ANDOVER – Dena Dargoonian stood with her husband and their youngest daughter on the stage in The Park Saturday, speaking in a voice that pressed through pain and paused to gather itself one month removedfrom the death of daughter Kali Dargoonian at 27 years old.
“The life of a beautiful person shouldn’t have to consist of heartbreaking overdoses, arrests, probation, fear, homelessness, loneliness or anger,” the mother said. “We lost our battle September 18 when I found her. It only takes one time. Arrest the dealers, not the addicts. Listen, learn and educate yourselves. Stop this addiction and this epidemic.”
Between music sets Saturday at the Andover Cares Festival came pleas for people to understand heroin addiction. As addiction wages a destructive undertow, dragging the footing from underneath those afflicted, it too tugs families apart from anchored bonds, speakers said.
Saturday’s event was a positive step toward solid ground, where music, stories and support offered a lifeline to those in need. The death rate from opiate use in Andover in 2015 has far eclipsed last year’s rate, rising 400 percent, from two people to eight people. There have also been more than 50 overdoses.
Among Saturday’s performers was Hayley Jane and the Primates. The lead singer, Jane, had a personal connection to the heroin awareness event. Jane said she has lost four friends to opiate use in the last year. Music is a healthy way for people to connect with each other, as opposed to heroin induced attempts. “It’s a less scary way to get in touch, music is such a healing thing in and of itself,” she said in an interview.
Among the several hundred people who attended the Andover Rotary Club sponsored event on a crisp fall afternoon were three Andover friends, all recent Andover High graduates. “We know people who have passed away from overdoses,” said Meghan Day, explaining why they came. Friend Rob Moeller said he is a recovering addict who found recovery nine months ago through Alcoholics Anonymous and was curious on Saturday to hear about others’ paths to recovery. Friend Melissa Jones, who left a note of encouragement and card in the bandstand at a station set aside for people to express their thoughts and feelings, said Saturday’s type of event was a first for this town. “This is the first time I have ever seen Andover do anything like this,” Jones said.
Event organizer Paul Salafia, a Rotary member and Board of Selectmen member, said Saturday was grounded in awareness — taking positive steps to prevent addictionand help those who are addicted heal. He sees it as a springboard for more of the same. Salafia introduced three local people on the front lines in the heroin epidemic, Youth Services Director Bill Fahey, Fire Chief Michael Mansfield and Police Chief Patrick Keefe. “People are falling at their feet,” he said. Fahey urged people to recognize addiction is a disease, a health issue, and not a matter of a choice for addicts. He urged people to help those with the disease overcome it and to support the families during their struggles.
People who came to Andover Cares were there for that reason. Karen Held, an Andover mother, stood in the audience with her 4-year-old daughter, Anna, in her arms. “It’s tragic,” she said of opiate addiction. “It affects people close to us. People in our backyards. Sometimes yourself. Everyone.”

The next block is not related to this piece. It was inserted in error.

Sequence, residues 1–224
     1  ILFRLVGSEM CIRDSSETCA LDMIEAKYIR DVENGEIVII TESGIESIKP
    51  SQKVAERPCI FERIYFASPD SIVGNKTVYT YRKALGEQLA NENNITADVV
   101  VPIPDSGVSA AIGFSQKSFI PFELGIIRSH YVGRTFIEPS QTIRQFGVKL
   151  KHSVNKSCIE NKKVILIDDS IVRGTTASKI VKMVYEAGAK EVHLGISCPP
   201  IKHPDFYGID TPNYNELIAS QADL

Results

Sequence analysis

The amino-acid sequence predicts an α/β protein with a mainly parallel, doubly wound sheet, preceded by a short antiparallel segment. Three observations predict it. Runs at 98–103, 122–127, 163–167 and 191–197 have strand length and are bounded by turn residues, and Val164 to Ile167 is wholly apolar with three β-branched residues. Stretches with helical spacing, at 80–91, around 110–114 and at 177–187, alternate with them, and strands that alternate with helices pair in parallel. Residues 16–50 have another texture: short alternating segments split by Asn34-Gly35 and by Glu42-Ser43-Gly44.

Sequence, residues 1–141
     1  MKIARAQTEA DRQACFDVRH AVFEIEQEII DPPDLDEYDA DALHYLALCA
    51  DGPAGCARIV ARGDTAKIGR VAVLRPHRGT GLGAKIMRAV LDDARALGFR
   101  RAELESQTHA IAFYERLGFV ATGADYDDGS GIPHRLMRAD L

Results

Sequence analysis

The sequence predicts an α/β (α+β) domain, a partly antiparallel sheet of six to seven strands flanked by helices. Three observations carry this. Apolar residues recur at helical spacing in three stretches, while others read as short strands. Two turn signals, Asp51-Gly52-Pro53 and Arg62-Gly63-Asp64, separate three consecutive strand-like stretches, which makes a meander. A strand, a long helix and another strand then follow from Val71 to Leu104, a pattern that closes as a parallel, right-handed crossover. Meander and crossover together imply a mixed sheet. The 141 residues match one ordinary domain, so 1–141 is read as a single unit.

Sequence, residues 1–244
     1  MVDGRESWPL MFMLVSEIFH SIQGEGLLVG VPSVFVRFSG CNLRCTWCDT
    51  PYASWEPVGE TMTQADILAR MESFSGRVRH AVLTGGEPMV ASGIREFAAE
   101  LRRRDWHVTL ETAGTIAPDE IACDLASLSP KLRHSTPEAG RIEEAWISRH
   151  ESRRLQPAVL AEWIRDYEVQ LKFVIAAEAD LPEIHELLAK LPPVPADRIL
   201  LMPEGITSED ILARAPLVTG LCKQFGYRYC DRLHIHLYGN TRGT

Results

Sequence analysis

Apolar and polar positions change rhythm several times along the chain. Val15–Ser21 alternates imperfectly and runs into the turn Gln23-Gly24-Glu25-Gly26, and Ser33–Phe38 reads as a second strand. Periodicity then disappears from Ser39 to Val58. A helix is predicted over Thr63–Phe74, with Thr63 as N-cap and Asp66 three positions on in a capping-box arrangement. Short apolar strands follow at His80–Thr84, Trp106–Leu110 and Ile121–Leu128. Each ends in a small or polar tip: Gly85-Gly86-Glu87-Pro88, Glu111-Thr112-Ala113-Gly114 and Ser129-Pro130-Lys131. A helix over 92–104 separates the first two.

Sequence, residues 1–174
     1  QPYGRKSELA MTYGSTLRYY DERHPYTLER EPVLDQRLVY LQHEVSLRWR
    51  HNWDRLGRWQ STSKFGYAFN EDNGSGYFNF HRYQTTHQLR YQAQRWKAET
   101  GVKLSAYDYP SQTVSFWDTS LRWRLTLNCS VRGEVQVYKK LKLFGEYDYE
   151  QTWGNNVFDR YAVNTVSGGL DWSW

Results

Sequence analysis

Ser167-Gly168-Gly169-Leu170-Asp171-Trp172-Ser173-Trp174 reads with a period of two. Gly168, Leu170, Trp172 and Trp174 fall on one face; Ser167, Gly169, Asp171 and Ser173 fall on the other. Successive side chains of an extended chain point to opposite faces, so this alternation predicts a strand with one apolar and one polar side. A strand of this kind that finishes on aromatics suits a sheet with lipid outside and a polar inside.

Lisa Lacourse, an Andover mother, brought Bandit, the family’s 1-year-old Saint Bernard dog, a shameless love hound, to add to the support. He rolled in the green grass, and let people rub his belly. Support and music equals unity, Lacourse said. “I think it sets the tone,” she said. “The music keeps you on a positive note.”
It’s a novel approach tofighting addiction to heroin.
“That’s the idea, have a fun event where we can celebrate not the crisis itself, of course, but that we are coming together to do something about it,” Don Gottfried, Rotary president said in earlier interview.
The headliner act was Jon Butcher Axis.Local performers included Andover-raised singer andsongwriter Casey McQuillen and “Steel Amp,” four 12-year-old friends from Andover’s Real School of Music. The friends, Zack Nepomnayshy, Kenny Tong, Alec Dempster and Cameron Lapierre, came on the stage after Dena Dargoonian spoke. Another of the musical acts was the Teen Challenge Choir. Before their set, member Jonathan Hahnl told the audience he came from a good home with loving parents in Lynnfield. Before his recovery, his addiction left him living on the street in Lynn, robbing and using drugs, and losing the trust of loved ones.
In Dena Dargoonian’s talk she said that the family tried every way they could to help Kali get clean. She toowanted desperately to recover. “Heroin affects the entire family,” she said. “Sleepless nights and worries, the arguing among family members, the struggle was pure hell.” Salafia was among several people who hugged Dena Dargoonian after she stepped from the stage to the grounds. “I told her I was proud of her,” he said. He told her it took courage to speak about the family’s deep loss and what she did will save lives.
All proceeds from the free five-hour event went to the Andover Cares Fund, which, in turn, will award grants to programs that support Andover’s three-tiered solution to opiate addiction — education, treatment and enforcement.
The fundraising has been a success. The Rotarians had hoped to raise $40,000 in their first year. To date they have raised $45,000.
The club will post applications for its grant funding on its website starting in January. A grant review committee will review the applications and award funding from $500 to $10,000.